“Our old Lab-Doberman mix blew out his knee darting after a squirrel and only narrowly avoided surgery since he had a small amount of stability left.

I reached out to Deb, and I’m so glad I did. Her plan was honestly a lot of work, but it paid off beautifully. Our pup got better than I ever thought possible and even came out of the whole experience with super muscular dog legs!

I love that Deb comes right to your house and works with you in your own environment. A lot of the time we’d look around the house or neighborhood to find good places or items to make drills out of. She’s extremely knowledgeable and worked well with our vet to get him (Dobi) on the right medications and dosages.

On top of it all, you can tell she genuinely cares. That goes a long way with me.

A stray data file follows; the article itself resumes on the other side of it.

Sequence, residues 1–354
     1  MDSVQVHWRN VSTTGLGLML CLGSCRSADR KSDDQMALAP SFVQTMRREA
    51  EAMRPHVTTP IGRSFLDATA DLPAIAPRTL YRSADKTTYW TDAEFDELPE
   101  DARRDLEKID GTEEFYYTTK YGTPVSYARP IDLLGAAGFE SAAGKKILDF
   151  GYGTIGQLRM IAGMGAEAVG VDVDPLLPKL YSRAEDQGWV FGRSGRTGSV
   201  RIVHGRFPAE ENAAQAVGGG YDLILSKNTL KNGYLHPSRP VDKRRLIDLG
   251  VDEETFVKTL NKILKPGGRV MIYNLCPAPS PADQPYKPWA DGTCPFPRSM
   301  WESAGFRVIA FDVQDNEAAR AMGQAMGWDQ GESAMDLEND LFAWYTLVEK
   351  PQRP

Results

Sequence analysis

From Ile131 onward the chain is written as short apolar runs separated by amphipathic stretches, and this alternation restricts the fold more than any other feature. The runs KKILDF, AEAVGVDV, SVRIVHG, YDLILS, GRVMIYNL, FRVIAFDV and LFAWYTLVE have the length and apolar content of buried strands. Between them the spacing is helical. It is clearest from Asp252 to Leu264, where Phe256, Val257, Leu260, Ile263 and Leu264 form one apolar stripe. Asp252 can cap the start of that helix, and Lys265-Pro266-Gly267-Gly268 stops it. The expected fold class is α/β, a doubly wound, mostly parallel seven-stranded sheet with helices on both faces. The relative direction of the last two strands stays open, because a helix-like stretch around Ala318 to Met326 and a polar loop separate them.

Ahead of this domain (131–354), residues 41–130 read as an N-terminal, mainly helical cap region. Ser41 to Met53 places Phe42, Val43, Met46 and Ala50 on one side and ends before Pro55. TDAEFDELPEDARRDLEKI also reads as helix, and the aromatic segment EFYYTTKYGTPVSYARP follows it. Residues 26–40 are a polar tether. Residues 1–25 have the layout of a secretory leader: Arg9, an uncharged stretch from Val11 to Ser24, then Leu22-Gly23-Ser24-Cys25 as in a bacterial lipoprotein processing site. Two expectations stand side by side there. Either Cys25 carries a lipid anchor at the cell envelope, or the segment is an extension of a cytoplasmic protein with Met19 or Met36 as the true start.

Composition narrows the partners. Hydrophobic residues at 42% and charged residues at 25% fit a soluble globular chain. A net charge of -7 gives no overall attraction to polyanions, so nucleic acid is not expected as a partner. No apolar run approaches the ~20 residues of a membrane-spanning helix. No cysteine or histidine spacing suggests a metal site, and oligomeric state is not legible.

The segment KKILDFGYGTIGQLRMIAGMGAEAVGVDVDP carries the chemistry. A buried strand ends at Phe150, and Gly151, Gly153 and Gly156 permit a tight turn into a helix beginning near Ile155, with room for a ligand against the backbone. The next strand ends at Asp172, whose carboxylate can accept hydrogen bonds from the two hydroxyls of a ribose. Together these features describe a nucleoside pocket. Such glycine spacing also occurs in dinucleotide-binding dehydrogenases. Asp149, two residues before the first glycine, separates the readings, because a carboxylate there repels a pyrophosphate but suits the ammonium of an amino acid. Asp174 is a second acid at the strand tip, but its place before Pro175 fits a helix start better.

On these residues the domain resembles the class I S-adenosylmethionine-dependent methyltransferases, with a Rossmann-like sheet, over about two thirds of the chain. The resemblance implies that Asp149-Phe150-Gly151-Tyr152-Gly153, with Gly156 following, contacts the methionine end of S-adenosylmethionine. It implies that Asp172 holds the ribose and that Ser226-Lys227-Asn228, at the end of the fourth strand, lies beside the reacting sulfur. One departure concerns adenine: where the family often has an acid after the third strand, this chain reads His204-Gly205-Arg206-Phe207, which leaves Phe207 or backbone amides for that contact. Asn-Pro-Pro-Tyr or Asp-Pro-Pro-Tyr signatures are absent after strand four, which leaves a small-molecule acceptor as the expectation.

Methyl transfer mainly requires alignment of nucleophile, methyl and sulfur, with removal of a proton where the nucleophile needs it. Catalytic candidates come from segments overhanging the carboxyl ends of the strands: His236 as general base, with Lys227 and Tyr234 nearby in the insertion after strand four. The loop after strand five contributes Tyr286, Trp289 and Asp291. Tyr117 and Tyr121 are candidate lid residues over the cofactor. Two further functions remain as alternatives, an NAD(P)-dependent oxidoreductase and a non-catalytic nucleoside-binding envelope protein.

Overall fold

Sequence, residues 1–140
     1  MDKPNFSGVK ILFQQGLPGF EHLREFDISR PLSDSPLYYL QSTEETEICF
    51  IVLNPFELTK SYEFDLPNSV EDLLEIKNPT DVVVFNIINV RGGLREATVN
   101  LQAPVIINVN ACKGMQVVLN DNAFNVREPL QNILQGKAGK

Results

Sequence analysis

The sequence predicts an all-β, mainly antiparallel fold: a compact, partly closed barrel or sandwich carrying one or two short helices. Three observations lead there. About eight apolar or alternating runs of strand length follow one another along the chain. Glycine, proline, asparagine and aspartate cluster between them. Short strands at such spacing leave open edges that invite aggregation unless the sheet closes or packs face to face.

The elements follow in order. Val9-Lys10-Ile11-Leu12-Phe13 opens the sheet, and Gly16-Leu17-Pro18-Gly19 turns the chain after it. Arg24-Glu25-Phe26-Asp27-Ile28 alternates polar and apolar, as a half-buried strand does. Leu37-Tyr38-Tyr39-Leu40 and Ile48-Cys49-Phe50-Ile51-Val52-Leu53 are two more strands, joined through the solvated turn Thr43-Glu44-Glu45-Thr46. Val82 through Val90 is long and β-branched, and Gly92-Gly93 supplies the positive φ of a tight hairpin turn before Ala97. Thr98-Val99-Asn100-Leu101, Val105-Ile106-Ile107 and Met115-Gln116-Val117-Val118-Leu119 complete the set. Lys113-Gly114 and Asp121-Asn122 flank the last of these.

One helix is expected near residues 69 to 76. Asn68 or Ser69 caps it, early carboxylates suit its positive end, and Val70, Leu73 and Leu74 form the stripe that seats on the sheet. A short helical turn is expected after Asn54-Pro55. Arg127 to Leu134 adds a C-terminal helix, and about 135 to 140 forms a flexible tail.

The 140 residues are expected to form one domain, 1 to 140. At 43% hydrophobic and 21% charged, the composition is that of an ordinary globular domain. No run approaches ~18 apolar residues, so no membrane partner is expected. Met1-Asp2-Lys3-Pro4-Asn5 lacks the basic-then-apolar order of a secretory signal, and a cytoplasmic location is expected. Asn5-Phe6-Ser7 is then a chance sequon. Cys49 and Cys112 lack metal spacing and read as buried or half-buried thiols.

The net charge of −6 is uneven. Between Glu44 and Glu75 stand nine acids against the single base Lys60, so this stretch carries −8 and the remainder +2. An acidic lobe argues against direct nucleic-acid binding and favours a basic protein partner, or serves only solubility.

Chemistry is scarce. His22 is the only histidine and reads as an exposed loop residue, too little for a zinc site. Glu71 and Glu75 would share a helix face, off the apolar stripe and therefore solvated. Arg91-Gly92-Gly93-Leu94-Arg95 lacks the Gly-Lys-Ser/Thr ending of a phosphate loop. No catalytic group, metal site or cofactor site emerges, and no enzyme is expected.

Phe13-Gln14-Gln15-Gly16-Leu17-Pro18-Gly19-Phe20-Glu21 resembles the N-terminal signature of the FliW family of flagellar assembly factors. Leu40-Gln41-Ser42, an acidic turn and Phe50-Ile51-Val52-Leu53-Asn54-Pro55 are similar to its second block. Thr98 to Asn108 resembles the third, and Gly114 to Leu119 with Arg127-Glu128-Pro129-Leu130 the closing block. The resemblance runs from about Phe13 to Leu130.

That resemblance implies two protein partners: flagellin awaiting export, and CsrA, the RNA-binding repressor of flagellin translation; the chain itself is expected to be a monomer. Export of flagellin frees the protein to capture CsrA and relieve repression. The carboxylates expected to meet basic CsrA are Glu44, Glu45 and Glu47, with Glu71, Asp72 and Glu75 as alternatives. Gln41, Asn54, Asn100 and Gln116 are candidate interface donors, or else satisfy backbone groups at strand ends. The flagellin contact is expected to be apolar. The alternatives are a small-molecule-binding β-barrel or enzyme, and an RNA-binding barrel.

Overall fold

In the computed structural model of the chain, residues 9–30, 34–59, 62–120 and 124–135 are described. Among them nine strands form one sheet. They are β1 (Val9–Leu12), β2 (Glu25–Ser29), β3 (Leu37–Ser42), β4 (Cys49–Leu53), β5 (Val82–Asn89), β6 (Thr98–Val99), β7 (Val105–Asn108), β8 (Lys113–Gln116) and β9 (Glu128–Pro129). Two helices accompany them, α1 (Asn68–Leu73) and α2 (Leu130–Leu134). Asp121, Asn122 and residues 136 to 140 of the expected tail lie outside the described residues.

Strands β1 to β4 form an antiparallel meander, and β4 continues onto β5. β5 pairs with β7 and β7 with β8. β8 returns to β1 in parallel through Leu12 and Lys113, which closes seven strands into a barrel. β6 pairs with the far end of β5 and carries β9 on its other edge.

I highly recommend her services for your own busted up dog!”
Tricia E. Austin, TX , Oct. 1, 2016)

(^^Copied from Yelp Review)

Nick’s Thoughts –

Dobi Cavalettis for Rehab Work After 4 Week Intro Program Complete. Other Cavaletti Photos are Under the Photos Section or You May Find Them by Searching Cavalettis.

“When our 10-year-old lab mix busted his knee, he was in rough shape and only narrowly avoided surgery. Luckily, we found Deb and got the opportunity to work with her in person.

She had us read her book before our first meeting. The book itself is in invaluable. It’s a short read, but it lays out a basic plan with lots of explanation and support for each technique. The combined force of the book and Deb’s physical therapy sessions healed our pup more than we thought possible, especially given his age. The program does take work, but the results really are extraordinary.

Whether you can work with Deb in person or not, this book is a must if you have a dog in recovery.”

Nick E., Oct. 1, 2016

(^^Copied from Amazon review)

Rehab Deb’s Thoughts 5/26/17

Dobi’s mom, Trish, found me via this (my) website and reached out to me Dec. 1, 2014.